Reviews for Lion & the Mouse

Booklist Reviews 2009 July #1
*Starred Review* The intricate lion's face that crowds the cover of Pinkney's latest folktale adaptation is unaccompanied by any title or credits, and that is entirely appropriate--there are no words inside, either. Through illustration alone Pinkney relates the well-known Aesop fable of the mouse who is captured by a lion, only to be unexpectedly released. Then, when the lion finds himself trapped by hunters, it is the mouse who rescues him by gnawing through the twine. Pinkney bends his no-word rule a bit with a few noises that are worked into the art ("Screeeech" when an owl dives; "Putt-Putt-Putt" when the hunters' jeep arrives), but these transgressions will only encourage young listeners to get involved with read-along sessions. And involved they will be--how could they not get drawn into watercolors of such detail and splendor? Pinkney's soft, multihued strokes make everything in the jungle seem alive, right down to the rocks, as he bleeds color to indicate movement, for instance, when the lion falls free from the net. His luxuriant use of close-ups humanizes his animal characters without idealizing them, and that's no mean feat. In a closing artist's note, Pinkney talks about his choice to forgo text. Copyright 2009 Booklist Reviews.

Horn Book Guide Reviews 2010 Spring
By retelling Aesop's fable entirely in his signature pencil and watercolor art, Pinkney encourages closer exploration of the pleasing detail with which he amplifies it. On every page, this beautiful book suggests even more than it tells about its real setting, and about that fabulous world where rescues may happen between lion and mouse. An artist's note is appended. Copyright 2010 Horn Book Magazine Reviews.

Horn Book Magazine Reviews 2009 #6
By retelling Aesop's fable entirely in his signature pencil and watercolor art, Pinkney encourages closer exploration of the pleasing detail with which he amplifies it. The mouse has just escaped an owl when she makes the mistake of running up the lion's back; his decision to let her go, over three full spreads, is all the more eloquent for being wordless. Her dauntless attack on the white hunters' densely knotted rope trap, in which the lion is caught, is related via numerous smaller frames; successful, the mouse takes one tough knot home to her young (as a toy? Or to tell them her story?). On every page, this beautiful book suggests even more than it tells about its real setting, and about that fabulous world where such bargains are made and such rescues may happen. It's a generous rendition: there are character-revealing portraits of the protagonists, unencumbered by text, on the jacket (a regal lion, sumptuous with golden mane, glances anxiously from the front; the doughty mouse, wide-eyed with intelligence, is on the back). On the front of the book itself is a second pair of telling portraits in lieu of a title; there's an African Peaceable Kingdom on the back. One endpaper celebrates the animal-crowded Serengeti setting; the second rounds out the story with the lion and mouse families on a shared outing. It will be a challenge for libraries to make every gorgeous surface available, but it's a challenge worth taking on. Artist's note appended. Copyright 2009 Horn Book Magazine Reviews.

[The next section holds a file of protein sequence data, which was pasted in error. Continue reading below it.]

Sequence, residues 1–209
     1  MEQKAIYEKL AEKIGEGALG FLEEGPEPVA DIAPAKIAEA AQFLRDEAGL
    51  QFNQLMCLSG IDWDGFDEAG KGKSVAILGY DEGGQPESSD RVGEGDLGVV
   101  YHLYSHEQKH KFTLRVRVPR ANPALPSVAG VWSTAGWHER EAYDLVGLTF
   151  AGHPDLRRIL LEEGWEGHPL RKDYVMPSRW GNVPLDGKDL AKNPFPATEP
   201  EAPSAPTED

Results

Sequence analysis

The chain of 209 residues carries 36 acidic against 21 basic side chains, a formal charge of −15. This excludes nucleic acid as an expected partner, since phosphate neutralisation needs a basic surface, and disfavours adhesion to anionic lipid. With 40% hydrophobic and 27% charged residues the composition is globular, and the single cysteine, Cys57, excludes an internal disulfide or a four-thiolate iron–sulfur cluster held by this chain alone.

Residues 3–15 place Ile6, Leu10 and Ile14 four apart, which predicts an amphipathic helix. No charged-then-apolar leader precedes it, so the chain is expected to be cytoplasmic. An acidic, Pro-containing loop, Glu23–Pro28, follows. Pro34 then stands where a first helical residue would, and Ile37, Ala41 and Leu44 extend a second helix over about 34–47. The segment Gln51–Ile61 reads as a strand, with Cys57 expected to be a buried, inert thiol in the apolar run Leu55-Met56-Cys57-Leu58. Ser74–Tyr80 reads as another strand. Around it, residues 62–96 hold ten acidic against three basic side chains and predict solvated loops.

Kirkus Reviews 2009 August #1